Georgia has not yet enacted a law lowering the prosecution requirement from ‘willful’ to ‘reckless’ deprivation of another’s rights.

Independent investigation

No Progress:

Georgia has not yet enacted a law institutionalizing an independent prosecutor within the state’s Department of Justice for instances of police misconduct, although Atlanta has a citizen's review board to keep officer's accountable.

Qualified immunity

No Progress:

Georgia has not yet enacted a law ending qualified immunity.

Reinvesting in Communities

Learn about reinvesting in communities and the specific issues below on the Reinvesting in Communities page (opens in a new window).


Mental health response

Some Progress:

Georgia has not yet enacted a law creating and funding a mental health task force available to respond to crisis calls (in lieu of police). The Georgia Peace Officer Standards and Training (P.O.S.T.) Council has approved police officer curriculum training provided by Georgia's Crisis Intervention Team (CIT) program. However, this program still focuses on dispatching officers, not mental health professionals, to crisis situations.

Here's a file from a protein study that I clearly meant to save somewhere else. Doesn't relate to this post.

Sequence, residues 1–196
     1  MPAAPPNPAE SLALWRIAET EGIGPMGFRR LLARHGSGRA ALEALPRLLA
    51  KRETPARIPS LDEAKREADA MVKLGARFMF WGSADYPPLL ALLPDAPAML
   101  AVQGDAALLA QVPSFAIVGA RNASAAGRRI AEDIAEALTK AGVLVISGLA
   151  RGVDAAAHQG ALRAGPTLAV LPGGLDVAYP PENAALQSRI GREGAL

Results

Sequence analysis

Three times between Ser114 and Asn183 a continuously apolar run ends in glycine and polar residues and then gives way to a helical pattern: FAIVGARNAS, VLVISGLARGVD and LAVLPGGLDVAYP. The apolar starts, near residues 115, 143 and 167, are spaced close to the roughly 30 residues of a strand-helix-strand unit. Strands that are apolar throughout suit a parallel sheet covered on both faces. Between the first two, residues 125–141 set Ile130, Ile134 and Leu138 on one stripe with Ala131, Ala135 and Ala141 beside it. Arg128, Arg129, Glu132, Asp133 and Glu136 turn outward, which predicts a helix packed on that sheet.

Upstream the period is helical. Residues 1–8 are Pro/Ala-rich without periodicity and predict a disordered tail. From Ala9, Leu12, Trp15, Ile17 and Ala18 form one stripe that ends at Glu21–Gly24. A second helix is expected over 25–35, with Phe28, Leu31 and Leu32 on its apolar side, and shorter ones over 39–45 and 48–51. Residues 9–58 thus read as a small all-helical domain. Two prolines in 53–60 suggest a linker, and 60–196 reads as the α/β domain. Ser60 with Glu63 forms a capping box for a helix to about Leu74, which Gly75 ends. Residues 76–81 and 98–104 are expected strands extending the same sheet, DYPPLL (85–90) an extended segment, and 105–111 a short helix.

Education, Housing, Community Health Resources

No Progress:

It is important to note that policing does not address the roots of social disadvantage and barriers to (economic) opportunity that often lead to crime. Nor should police be burdened with that responsibility.
Without access to quality resources in healthcare, education, and housing, our cities, neighborhoods, and families will continue to suffer. We should instead reassess the budgets of the state government and reinvest in the services that matter most.

Next Steps

No matter what, register to vote:

Contacting officials is just one piece of the puzzle we can't stop there. We need to make sure our elected officials reflect our values and support reform at every level of government. Register here:

To keep these policies at the forefront:

Keep emailing about them (if you just finished the 5 Days Challenge, keep up the schedule—set reminders in your phone to email about each issue on its specific day).

To ask for more than this:

Use our templates as a model to ask for bigger changes. Color for Change and The Movement for Black Lives both have specific policy related to a reimagined law enforcement system. If you think there are additional policies we ought to consider, send your thoughts our way.